Flag Thread IV

I decided to make a few small changes to this, to make it more inclusive/accurate:

View attachment 514300

- Swapped Iran's symbol for a combination of the RSII Coalition's flag and emblem

- Swapped Syria's star with ALBA's coat of arms

- Swapped Venezuela's crescent of stars with Serbia's lesser coat of arms

- Swapped Venezuela's blue for Serbia's
Absurdly busy and just asking for internal argument about whose symbol is more prominent or wrongly placed.
International blocs tend to have single very nonnational symbols.
 
Some potential flags for a Kingdom of Portugal in a world where coat-of-arms on a flag is frowned upon. Thoughts? Preferences?

View attachment 514196
Those are nice! I like them a lot. I'm torn between the first and second ones as a main state flag, although a modern (19th Century) state would drop the cross and have only a bi-color blue-white flag, very simple but different from Britain's, France's or many other European major powers. The one with the cross can be used as a sort of ceremonial banner, maybe prime-ministerial or head of state ensign (red cross for the sea ensign, of course, like in the old sailing ships of the Discovery Age)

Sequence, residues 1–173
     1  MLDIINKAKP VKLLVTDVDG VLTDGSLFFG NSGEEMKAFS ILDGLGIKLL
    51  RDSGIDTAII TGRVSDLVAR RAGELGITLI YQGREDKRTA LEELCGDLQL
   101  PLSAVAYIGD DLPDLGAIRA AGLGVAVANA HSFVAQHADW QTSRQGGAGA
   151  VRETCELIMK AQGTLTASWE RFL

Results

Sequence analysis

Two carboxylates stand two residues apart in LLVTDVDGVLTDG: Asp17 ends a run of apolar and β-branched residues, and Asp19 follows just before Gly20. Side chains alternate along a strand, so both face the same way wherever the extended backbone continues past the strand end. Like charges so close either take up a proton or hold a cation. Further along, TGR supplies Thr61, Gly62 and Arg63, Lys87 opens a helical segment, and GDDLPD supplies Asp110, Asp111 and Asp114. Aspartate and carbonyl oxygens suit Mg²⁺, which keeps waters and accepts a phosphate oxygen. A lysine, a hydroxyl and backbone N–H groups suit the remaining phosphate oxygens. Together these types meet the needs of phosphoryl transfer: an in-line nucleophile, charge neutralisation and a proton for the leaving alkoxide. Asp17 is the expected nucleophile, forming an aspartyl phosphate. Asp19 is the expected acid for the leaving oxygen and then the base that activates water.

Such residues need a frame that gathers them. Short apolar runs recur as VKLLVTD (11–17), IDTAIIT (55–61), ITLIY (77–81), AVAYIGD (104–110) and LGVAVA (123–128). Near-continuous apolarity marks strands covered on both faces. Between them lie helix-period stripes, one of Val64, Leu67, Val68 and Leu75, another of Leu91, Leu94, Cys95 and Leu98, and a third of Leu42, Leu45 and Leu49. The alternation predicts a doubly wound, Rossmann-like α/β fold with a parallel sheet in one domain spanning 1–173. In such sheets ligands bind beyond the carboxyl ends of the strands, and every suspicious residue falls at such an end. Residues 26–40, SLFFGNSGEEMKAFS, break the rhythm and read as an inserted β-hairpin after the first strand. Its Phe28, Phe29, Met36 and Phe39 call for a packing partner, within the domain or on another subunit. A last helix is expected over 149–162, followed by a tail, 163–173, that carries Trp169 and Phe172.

I decided to make a few small changes to this, to make it more inclusive/accurate:

View attachment 514300
It's... not great. Like the Professor said, coalitions tend to create new symbols to avoid bickering over prominence. It's a practical thing. The Western Bloc would fly NATO's compass, which I find a perfectly recognisable, neutral and serviceable symbol.

As for the Eastern bloc, I think it's absurd to imagine a scenario in which all of these countries would unite against the West. It's equally absurd to think that, if they went with national symbols in their flag, they'd place Serbia's at the same level as China's, Iran's or the Russian coalition thing. Besides, it looks like the flag of Russia with some stickers on it. Like a Berkley guy went on an edgy backpack tour.